[Skip to Content]
[Skip to Content Landing]
May 4, 1957


JAMA. 1957;164(1):91-92. doi:10.1001/jama.1957.02980010093023

This article is only available in the PDF format. Download the PDF to view the article, as well as its associated figures and tables.


To the Editor:—  In recent years gin and tonic (quinine water) has become an exceedingly popular drink. To the old adage, "New drugs, new eruptions," we must now add a corollary: "New drinks, new eruptions." Many people do not tolerate quinine. Sensitivity to quinine may produce many reactions involving various tissues. For example, the eighth nerve reacts with tinnitus, deafness, and vertigo. Involvement of the optic nerve results in visual impairment with photophobia and diplopia. Headaches and fever are frequent manifestations of quinine idiosyncrasy. Dyspnea has been reported. The gastrointestinal tract can be involved, with resulting abdominal distress, nausea, vomiting, and diarrhea. By far the commonest tissue to react to this drug is the skin. The types of eruptions are many and varied. The mildest of these is a transient scarlatiniform of erythema. In addition to this, papular, vesicular, and even bullous eruptions have been described. The latter type of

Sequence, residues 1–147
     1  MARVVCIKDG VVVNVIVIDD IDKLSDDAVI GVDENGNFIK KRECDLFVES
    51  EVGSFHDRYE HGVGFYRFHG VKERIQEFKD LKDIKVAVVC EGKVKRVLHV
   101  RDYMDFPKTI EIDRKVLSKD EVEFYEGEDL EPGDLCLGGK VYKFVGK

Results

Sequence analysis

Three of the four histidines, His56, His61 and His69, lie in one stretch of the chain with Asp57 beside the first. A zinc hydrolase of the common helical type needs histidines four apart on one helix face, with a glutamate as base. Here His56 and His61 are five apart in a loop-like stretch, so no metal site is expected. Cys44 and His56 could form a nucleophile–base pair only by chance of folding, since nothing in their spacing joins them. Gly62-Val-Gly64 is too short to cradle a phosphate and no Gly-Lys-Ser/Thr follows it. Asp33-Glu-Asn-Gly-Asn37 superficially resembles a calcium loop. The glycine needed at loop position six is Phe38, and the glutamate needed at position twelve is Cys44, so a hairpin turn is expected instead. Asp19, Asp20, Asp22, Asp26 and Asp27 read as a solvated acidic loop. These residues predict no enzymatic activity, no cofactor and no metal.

First Page Preview View Large
First page PDF preview
First page PDF preview